The human eye is very critical, and not in a bad way. Once you have seen an example of something in a state of perfection, or close to it, anything else is just second best. If you have had a color analysis done correctly and have seen for yourself how brilliant the after effects are, you really won't be able to go back to "before" without feeling an inner sense of discord or even out and out discomfort.
As I have stated before, your color palette represents the darkest, lightest, warmest and coolest you can go. The 12 Tones color charts were constructed to show what your personal tonal "extremes" look like. They were never meant to be custom color palettes. I liken the color charts to be guideposts, sort of like road signs.
Let's use Bright Winter as an example. The lightest color is white. In seeing this color in person, there is a slight drop of bright yellow added to it. This is not the "blue white" of True Winter. The darkest shade is an ink black that has a patent leather type of shine to it. The warmest tones are some really great citrus yellows, and the coolest colors are blue violets and bright indigo blue.
Light Spring is quite different. The lightest color is a soft, warm cloud white that has almost a vanilla ice cream base. The darkest colors are medium warm grays. The warmest contain some light golden "sun ray" yellows and the coolest colors look like the clear blue sky in the latest part of the morning.
Because of your own individual coloring, your "extreme" shades as shown in your given palette may not be your best. Maybe your cool blues are a little bit too much. Maybe your darkest colors need to be tempered a bit with other colors to break up the effect of a "too dark" overall appearance. It could be the few orange tones or yellows might not work so great, but the cooler range on you is beautiful. All of this depends upon your hair, skin and eye color. How you wear your palette as a blonde may be completely different from your seasonal sister who is brunette with darker eyes. Your style type also comes into play, but that is an entirely different discussion.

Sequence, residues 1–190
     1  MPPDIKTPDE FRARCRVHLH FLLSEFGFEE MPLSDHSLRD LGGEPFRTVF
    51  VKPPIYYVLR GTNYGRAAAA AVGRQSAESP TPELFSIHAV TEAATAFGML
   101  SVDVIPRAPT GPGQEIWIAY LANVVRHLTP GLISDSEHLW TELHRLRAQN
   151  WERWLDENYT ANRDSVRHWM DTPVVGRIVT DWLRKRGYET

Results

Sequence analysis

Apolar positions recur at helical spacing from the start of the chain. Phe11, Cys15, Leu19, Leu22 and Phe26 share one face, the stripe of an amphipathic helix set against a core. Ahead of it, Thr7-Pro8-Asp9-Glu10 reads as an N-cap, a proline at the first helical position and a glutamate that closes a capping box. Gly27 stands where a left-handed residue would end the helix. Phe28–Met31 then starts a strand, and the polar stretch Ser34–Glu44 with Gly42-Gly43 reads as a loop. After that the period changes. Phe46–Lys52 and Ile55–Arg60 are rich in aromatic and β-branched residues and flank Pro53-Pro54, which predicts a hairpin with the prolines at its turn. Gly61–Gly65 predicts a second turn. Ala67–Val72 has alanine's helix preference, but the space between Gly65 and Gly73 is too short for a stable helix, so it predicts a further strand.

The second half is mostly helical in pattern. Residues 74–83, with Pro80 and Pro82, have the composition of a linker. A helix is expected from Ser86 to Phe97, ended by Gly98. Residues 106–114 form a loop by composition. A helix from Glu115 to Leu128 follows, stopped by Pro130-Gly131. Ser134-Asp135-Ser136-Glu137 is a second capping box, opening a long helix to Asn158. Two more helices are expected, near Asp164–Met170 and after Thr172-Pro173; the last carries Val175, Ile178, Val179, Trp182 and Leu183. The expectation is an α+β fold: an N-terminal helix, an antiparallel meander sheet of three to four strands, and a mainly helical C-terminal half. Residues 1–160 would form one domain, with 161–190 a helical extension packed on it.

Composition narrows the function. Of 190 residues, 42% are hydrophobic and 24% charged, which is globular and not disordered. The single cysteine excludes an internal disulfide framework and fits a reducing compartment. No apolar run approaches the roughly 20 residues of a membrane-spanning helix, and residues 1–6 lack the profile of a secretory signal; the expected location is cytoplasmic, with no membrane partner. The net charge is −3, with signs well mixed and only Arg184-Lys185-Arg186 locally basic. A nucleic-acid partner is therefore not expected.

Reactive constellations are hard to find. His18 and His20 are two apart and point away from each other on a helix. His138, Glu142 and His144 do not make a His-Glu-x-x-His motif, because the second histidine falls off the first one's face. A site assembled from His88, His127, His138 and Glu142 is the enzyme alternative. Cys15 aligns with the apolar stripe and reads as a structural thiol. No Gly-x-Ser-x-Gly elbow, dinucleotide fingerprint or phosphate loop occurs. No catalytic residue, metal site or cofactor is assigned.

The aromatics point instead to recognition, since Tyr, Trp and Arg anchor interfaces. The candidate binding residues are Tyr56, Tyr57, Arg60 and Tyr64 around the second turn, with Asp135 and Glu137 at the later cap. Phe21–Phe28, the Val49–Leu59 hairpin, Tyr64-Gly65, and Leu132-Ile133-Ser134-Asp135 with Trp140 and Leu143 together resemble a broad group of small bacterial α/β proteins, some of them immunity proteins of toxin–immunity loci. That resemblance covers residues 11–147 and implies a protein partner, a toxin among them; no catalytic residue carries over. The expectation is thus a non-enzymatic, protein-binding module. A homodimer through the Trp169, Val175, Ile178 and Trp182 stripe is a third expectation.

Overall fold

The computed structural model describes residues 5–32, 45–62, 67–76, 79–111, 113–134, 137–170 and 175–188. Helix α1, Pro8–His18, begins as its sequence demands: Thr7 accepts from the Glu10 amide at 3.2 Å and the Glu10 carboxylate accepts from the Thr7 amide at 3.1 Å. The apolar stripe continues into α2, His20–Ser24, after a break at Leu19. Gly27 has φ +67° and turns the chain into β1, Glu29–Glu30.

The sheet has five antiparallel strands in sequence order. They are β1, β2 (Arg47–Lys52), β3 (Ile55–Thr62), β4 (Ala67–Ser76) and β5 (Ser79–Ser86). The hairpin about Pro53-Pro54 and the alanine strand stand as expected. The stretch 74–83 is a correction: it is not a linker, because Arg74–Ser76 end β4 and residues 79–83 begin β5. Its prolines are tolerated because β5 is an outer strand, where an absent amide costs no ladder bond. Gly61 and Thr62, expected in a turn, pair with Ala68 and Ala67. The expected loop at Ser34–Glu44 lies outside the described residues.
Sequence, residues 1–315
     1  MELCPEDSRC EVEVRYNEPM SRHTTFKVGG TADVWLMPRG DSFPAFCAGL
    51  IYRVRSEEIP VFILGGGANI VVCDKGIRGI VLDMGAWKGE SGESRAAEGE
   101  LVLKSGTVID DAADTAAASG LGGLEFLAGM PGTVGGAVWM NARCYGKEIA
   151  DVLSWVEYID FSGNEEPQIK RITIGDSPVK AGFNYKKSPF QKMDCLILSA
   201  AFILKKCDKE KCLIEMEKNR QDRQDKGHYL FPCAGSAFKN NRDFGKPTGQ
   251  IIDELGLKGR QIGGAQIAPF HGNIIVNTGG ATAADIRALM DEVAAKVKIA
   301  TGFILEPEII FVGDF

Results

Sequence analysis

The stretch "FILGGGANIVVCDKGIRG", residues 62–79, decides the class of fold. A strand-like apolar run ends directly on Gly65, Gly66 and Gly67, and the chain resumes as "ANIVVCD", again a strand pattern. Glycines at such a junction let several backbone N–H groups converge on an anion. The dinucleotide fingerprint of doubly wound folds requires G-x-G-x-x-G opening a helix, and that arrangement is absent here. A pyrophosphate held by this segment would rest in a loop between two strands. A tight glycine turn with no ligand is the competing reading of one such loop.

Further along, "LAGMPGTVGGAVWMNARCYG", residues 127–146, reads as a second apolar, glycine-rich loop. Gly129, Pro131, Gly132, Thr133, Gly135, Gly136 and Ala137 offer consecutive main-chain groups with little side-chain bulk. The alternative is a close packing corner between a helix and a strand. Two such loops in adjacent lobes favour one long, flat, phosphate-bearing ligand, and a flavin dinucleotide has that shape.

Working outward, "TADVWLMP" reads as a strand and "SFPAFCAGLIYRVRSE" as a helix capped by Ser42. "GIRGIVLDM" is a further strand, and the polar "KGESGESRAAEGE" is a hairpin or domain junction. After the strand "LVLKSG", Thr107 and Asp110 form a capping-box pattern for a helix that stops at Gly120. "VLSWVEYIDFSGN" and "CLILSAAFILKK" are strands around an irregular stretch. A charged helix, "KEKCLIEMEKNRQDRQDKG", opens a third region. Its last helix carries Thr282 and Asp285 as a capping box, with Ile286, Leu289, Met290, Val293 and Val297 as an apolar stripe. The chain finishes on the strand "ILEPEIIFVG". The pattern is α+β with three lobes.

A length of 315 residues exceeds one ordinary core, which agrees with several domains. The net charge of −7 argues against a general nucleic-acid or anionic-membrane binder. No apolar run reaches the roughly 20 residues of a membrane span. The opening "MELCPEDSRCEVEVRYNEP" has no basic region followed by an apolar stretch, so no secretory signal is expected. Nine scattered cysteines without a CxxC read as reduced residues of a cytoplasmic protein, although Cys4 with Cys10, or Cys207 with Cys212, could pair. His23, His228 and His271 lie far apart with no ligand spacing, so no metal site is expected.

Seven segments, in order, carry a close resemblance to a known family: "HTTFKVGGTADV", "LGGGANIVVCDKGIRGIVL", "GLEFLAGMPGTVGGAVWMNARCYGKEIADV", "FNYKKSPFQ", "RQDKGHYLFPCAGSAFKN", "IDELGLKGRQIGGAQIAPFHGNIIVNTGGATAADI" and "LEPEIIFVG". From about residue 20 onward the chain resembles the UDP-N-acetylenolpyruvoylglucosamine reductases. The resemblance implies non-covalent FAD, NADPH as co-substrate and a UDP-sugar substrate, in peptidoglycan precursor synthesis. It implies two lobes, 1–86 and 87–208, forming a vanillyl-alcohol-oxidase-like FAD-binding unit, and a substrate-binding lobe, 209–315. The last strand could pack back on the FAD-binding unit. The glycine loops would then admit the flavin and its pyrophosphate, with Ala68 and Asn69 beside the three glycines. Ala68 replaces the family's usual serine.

Some women kind of get disheartened. They find out, within their palette they can't just wear "all of the lipstick colors" on their lips or cheeks. Only a certain narrow range of eye shadow is harmonious. If that is the case with you, please re-read the first paragraph. What's happened is, your eye has just gotten used to what perfection looks like.
Another factor comes into play. Maybe you are not the adventurous type and have settled into a "comfort zone" of sorts with your palette. It could be that "all of the lipstick colors" may indeed look very nice on you.....you are just used to wearing a certain shade of pink or coral all of the time. A sort of familiarity sets in and "anything different" just seems a bit jarring. There is nothing in the world wrong with staying inside that "zone". If you aren't willing at this time to branch out, you could be missing the beauty of the other side of your palette, thereby unnecessarily narrowing your choices.
Then again, you "just know" by having your color draping done, your yellow green, yellow and gold/orange aren't your best, as an example. Or it could be the coolest pinks in the drape set may have been pushing the envelope too much. Those factors do NOT make the entire seasonal categories wrong....it just means you can't go all the way to that particular boundary as easily as someone else whose coloring differs from yours a bit. Save those colors for accessories or in a print fabric.
Cosmetics colors, by far, are the trickiest colors to get right on the first try. This article is the best one I have found which is a real help in selecting colors. Patience is also a key. I can tell you this much.....when (not if) you find your most favorite lipstick, eye shadow and blush colors, by all means stock up......because you never know when the Evil Mr. D. (discontinued!!!! AAARGH!!) will rear his ugly head!